But had James Skelton been even aware of the watercourse which ran through his adopted home? When he moved from Brixton to Walworth with his second family in the early 1850s (see When I Grow Rich), did he know that the new estates which were springing up around Kennington Park were pumping their waste into a covered waterway which still ran and sparkled further out in the hills of Norwood? Perhaps when he’d lived in Cold Harbour Lane in the 1840s, he’d seen evidence of that same water course in the open ditches of Brixton. Here there were still uncovered channels which had begun to stink from the effluence from householders, and which demanded attention from angry residents. In fact, his own relatively new house, which like others would have been fitted with a new-fangled ‘flushing toilet’ most likely used the river as a sewage outlet without the occupants even realising where their waste was deposited.

COLD HARBOUR LANE HOUSE (2)James Skelton’s ‘new’ house on Coldharbour Lane

By the time his oldest son, the mahogany merchant James William Skelton moved to Gipsy Hill in 1870, James senior had finally succumbed to the chronic respiratory infection which shortened his life and that of many other Londoners . He therefore he never had the chance to visit James William and his family in his newly built home in the relatively rural village of Gipsy Hill, made popular by the arrival of The Crystal Palace in 1851 after its removal from Hyde Park when The Great Exhibition finished. In their rather grand villa in The Avenue – now Dulwich Wood Avenue (see Stanley Sleath – Man and Ship) – the family would have had glimpses of the giant glass-paned roof of this building.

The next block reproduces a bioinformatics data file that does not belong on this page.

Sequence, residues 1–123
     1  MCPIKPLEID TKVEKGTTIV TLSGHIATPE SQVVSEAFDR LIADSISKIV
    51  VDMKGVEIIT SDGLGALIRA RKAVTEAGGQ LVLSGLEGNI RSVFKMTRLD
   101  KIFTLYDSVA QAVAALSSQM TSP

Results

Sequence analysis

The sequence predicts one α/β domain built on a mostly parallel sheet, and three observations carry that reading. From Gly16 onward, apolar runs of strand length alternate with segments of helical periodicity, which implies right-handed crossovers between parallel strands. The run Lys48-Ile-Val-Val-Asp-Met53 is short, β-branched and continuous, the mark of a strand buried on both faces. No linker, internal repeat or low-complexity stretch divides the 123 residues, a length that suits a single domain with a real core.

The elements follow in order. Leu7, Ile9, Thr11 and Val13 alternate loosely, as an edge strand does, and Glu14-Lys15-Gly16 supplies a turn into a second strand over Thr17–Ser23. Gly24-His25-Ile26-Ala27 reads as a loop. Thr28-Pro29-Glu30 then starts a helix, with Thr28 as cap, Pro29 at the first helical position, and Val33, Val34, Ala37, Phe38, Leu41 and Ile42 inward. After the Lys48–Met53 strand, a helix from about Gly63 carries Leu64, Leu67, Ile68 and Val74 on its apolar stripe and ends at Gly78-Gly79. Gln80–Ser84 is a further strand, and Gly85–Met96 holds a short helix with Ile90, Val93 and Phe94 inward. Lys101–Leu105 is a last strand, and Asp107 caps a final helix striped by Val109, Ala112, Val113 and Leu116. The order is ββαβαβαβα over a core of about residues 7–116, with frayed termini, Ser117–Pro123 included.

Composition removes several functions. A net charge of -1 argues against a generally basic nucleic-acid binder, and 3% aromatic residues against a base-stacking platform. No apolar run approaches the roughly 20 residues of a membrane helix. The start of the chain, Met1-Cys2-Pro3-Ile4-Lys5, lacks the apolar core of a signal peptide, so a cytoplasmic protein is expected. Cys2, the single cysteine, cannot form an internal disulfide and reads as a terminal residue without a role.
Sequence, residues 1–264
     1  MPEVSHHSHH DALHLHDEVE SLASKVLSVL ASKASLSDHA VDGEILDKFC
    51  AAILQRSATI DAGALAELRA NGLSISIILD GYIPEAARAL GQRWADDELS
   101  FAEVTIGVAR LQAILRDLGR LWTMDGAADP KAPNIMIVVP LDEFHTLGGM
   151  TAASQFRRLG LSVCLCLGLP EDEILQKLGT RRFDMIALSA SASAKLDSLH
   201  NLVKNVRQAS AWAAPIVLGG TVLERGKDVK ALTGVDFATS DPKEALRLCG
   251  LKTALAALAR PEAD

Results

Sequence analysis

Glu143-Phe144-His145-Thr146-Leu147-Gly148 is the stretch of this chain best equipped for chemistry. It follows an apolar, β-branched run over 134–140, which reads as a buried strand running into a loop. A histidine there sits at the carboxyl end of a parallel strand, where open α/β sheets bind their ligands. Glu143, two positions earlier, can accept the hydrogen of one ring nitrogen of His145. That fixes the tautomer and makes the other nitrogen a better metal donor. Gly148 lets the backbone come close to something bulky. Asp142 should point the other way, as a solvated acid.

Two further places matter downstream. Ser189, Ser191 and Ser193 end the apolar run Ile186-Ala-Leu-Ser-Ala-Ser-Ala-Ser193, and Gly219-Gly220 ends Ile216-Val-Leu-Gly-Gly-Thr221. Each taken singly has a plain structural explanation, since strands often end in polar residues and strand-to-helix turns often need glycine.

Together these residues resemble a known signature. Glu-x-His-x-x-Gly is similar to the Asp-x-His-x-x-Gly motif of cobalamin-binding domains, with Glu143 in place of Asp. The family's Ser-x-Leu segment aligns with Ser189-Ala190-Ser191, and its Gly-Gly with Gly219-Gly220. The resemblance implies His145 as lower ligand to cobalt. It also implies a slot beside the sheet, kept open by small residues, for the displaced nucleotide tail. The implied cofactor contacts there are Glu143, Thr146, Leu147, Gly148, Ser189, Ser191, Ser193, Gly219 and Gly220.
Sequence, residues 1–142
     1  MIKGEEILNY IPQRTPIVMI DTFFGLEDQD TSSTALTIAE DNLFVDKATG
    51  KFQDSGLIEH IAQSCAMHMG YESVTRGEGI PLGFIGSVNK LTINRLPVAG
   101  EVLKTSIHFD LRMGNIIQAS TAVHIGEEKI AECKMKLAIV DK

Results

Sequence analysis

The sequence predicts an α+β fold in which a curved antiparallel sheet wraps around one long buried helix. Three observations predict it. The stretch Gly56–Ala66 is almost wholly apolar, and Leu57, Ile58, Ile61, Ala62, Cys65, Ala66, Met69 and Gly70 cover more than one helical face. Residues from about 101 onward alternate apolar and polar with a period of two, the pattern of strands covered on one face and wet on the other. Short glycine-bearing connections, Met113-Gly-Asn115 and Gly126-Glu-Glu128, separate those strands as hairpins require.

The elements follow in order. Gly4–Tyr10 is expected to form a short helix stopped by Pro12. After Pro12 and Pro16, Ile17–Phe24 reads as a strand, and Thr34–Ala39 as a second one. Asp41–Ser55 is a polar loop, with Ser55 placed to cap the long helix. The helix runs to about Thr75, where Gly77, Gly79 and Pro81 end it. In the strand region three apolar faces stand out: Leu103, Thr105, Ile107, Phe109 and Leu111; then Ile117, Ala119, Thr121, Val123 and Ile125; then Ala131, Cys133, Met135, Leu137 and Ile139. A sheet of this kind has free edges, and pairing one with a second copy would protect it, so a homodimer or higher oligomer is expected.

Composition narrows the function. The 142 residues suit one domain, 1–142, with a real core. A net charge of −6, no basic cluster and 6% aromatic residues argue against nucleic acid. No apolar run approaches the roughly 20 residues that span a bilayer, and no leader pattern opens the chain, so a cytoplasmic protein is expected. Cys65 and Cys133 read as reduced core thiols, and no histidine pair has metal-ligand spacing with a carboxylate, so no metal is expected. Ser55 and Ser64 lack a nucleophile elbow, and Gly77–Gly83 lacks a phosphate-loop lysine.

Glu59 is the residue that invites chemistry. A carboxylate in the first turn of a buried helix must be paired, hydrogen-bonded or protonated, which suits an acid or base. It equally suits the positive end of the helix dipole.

DULWICH WOOD AVENUECrystal Palace from The Avenue, Gipsy Hill

The burgeoning suburban enclave of Gipsy Hill, with its new railway and glass palace (or monstrosity, depending on your viewpoint), was a place and time that straddled modernity and antiquity. James William Skelton’s villa also faced onto a large field used by the local dairy for their cows, so the family would certainly have felt the collision of these two worlds. Part of that field still exists today, a tree-bordered segment of grass caught between busy streets in a strange sort of parody of a country green, whose various names over the years of Bell Meadow, Hunter’s Meadow or French’s Field are testament to its long history. And it was through this damp field that the Upper Norwood Branch of the Effra once ran.